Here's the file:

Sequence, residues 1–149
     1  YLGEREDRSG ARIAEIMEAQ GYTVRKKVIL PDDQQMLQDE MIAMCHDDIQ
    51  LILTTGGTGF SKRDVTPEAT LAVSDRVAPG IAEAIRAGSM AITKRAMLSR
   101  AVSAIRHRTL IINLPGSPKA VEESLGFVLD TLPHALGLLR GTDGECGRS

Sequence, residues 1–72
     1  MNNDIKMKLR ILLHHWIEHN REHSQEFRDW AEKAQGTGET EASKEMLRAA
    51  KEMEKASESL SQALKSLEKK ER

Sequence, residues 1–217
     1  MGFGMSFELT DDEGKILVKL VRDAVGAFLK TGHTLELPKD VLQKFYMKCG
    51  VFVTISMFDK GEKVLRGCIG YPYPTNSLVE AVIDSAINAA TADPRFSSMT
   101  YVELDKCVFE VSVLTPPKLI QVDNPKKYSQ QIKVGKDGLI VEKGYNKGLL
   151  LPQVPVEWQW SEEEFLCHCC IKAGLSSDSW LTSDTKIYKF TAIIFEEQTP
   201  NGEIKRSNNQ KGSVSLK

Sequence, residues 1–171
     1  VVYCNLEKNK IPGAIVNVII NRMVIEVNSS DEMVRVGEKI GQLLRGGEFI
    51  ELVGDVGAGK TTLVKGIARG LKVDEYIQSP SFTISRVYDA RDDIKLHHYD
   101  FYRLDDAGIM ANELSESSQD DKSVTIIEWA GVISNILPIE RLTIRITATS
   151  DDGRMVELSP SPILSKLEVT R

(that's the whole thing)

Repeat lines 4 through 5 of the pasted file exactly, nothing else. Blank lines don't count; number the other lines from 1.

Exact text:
   101  AVSAIRHRTL IINLPGSPKA VEESLGFVLD TLPHALGLLR GTDGECGRS

Sequence, residues 1–72